Lorna Jane has its own online store that sells the products. The aim of the brand is to be selling $50 million annually online within 5 years. The indirect purpose of content marketing is to create awareness about the brand and drive traffic to the store. It is to inspire people and create passion about the lifestyle philosophy.
This the place for the hard sell.
Lorna Jane’s uses its Facebook page for engagement. It is about creating conversations and engaging with customers and not a hard sell. Despite this, it drives 10% of all traffic to the website and its revenue accounts for the average sales of two of its bricks and mortar stores.
Facebook fan count stands at over 840,000
This is the personal account of the founder, Lorna Jane Clarkson and shows the commitment to personalizing the brand. It is also displays the importance of having one of the thought leaders for the brand actively participating and engaging.
A nimble and adaptable brand cannot be open to change without having leaders who are aware and willing to embrace the new digital paradigms.
The other bonus of this engagement is the feedback that is received that keeps the brand real and in touch with trends and the market.
A content and publishing strategy needs to include content that is both visual and mobile centric. Instagram provides a platform for showcasing its brand with striking images that increase brand awareness and engagement.
Lorna Jane currently has over 212,000 followers on Instagram.
Amplifying your brand content is not a single channel approach and many brands stop and start with Facebook. Pinterest provides a free and organic way to share the images from their online store that drive traffic and sales.
Lorna Jane has over 22,000 followers on PInterest.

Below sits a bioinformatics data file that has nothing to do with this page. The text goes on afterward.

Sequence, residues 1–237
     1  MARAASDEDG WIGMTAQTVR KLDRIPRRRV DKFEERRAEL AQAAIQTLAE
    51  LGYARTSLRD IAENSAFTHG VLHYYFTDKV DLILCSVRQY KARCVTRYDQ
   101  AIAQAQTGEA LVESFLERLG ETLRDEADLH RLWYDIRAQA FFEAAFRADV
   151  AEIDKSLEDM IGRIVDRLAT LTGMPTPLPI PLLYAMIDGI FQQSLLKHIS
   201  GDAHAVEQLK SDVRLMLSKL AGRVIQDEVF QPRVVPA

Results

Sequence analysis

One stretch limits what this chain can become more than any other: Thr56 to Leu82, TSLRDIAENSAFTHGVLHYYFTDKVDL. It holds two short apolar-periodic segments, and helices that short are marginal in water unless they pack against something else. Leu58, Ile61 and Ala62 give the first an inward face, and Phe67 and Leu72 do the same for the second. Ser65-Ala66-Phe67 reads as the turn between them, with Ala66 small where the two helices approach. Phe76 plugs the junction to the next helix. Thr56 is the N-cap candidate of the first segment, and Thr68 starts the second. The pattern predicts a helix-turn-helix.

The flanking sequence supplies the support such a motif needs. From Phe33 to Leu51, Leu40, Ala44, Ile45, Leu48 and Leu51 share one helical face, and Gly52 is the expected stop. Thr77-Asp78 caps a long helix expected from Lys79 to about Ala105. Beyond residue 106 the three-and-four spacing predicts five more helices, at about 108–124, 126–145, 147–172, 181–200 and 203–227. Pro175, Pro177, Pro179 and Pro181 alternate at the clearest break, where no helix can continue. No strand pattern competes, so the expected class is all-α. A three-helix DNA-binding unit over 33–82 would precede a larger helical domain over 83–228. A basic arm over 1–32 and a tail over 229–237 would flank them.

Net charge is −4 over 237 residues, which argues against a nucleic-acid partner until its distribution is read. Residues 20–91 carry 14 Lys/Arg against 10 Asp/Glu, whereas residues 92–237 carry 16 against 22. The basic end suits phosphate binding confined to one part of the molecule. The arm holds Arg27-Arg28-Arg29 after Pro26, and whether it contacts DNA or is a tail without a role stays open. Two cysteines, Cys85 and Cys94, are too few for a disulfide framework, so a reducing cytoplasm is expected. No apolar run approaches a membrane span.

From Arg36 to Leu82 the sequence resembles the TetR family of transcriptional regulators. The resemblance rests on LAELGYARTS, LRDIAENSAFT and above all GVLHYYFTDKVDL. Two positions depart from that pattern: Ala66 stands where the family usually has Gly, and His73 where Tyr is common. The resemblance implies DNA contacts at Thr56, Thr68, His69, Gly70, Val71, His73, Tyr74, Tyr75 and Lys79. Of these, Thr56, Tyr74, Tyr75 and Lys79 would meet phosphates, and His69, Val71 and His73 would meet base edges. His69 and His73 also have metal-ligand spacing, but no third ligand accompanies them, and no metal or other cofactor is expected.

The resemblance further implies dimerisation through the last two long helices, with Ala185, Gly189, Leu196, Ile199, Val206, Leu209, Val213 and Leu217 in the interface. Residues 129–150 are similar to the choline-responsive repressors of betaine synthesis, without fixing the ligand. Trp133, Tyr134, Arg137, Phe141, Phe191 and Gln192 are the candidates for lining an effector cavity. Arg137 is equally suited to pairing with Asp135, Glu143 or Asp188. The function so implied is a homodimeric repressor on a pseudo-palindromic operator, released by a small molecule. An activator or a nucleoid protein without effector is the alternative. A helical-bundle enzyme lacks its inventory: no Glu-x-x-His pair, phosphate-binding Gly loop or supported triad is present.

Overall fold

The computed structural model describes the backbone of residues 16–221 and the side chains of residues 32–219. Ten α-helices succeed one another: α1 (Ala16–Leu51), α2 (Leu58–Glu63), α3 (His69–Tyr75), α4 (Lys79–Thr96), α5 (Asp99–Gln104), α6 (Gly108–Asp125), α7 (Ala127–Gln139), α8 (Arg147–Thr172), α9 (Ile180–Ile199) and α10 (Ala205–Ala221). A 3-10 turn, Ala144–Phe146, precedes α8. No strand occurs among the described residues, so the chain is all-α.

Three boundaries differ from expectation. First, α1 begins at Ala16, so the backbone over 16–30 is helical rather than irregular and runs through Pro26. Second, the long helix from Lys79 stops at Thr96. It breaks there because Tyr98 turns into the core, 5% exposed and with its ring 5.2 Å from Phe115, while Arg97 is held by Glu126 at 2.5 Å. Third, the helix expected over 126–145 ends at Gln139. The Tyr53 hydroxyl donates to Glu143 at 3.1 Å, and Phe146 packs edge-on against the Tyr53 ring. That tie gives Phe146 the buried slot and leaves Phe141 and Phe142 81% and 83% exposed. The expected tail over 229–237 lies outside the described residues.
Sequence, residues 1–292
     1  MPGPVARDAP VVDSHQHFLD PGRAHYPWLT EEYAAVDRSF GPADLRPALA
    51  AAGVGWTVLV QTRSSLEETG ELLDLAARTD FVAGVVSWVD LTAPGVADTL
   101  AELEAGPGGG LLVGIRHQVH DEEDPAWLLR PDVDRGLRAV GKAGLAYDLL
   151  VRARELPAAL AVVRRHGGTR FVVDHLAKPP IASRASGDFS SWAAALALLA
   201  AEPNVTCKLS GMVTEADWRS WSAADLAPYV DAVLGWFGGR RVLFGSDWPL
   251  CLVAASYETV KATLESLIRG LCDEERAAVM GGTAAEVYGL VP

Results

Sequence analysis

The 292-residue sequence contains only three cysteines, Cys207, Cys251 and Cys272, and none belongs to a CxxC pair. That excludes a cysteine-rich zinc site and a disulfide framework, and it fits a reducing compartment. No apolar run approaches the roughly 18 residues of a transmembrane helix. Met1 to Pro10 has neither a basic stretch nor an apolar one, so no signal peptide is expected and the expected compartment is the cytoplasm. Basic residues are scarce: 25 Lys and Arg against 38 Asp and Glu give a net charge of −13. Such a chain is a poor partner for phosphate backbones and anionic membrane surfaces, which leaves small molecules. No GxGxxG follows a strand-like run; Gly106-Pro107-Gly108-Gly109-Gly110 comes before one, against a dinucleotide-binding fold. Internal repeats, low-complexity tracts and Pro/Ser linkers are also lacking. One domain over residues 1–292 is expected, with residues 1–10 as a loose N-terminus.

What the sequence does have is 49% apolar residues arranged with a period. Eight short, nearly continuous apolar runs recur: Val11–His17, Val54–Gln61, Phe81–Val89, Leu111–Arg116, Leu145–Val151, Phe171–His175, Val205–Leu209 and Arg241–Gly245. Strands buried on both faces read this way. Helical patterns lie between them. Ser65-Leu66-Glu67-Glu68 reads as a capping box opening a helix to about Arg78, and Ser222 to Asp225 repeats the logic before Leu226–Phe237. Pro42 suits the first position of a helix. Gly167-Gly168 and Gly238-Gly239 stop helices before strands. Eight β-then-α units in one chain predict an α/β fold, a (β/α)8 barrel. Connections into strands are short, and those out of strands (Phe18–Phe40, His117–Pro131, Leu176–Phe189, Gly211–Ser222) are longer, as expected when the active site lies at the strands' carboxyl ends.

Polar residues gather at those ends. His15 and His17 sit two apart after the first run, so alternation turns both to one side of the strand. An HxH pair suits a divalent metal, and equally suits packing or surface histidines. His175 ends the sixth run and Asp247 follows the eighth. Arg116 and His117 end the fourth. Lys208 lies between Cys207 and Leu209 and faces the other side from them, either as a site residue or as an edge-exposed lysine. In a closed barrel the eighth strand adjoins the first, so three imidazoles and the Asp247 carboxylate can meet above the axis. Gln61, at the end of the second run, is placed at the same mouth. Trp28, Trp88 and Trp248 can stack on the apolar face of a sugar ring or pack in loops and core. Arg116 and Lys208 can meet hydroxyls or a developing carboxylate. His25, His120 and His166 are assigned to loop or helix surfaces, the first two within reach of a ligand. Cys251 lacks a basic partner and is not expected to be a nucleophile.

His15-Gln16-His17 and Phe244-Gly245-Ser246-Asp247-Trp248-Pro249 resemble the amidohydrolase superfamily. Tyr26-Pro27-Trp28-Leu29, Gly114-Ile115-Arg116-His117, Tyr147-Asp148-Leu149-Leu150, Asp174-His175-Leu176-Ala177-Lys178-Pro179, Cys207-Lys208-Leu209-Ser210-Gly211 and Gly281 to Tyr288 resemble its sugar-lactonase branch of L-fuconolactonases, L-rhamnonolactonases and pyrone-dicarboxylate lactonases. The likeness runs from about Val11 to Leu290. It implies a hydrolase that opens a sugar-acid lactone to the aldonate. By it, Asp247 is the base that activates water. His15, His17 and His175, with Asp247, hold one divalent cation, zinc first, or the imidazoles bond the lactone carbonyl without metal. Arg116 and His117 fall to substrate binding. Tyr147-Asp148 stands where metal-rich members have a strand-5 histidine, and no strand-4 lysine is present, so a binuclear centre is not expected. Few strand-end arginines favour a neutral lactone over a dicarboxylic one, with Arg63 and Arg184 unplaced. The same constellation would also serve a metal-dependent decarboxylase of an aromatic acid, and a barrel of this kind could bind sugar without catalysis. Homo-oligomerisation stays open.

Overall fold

Google+ may not seem like a place that a fashion brand such as Lorna Jane should be participating on. The rise of importance of Google plus which has become the second largest social network means that brands shouldn’t be ignoring it. It is important for several reasons.
- Capturing social signals such as “+1’s” , comments and shares
- Improvements to SEO
- Increasing brand awareness through visual content.
Lorna Jane currently has over 33,000 followers on Google+.
Content and publishing is now multi-media and YouTube is an important part of the whole brand content amplification for Lorna Jane.
On YouTube you can share to 10 different social networks as well as email and embed.
Lorna Jane has over 2,000 subscribers and is approaching 500,000 views on YouTube. These numbers are the tip of the iceberg for brands when it comes to creating conversations.
Some recent research show that crowd sourced content creation and sharing is up to 99% of all YouTube content creation about and around the brand.
The scale of crowd sourced content creation, sharing and viewing is more than significant, it can be almost the entire conversation. In fact in some cases brand created content on social media is only 1% of the dialogue online!
Octoly.com tracked and measured “user generated content” (often termed “UGC”) on YouTube around and about brands. Here are the facts and figures about Lego and Apple and the extent of the little known and sometimes seemingly silent majority of brand ambassadors and content creators.
- 99% of the views on YouTube about Lego are “user” created. Of the 8 billion in total views 7.92 billion views are from passionate advocates who created and shared content about the Lego brand.
- 99% of the views on YouTube about Apple were not bought or “owned” by the brand. 99% of the 4.2 billion in total views were fan created. That’s 4.16 billion views just from fan created and shared content.
The brands started the conversations by publishing. The online fans amplified it. You cannot buy that level of attention.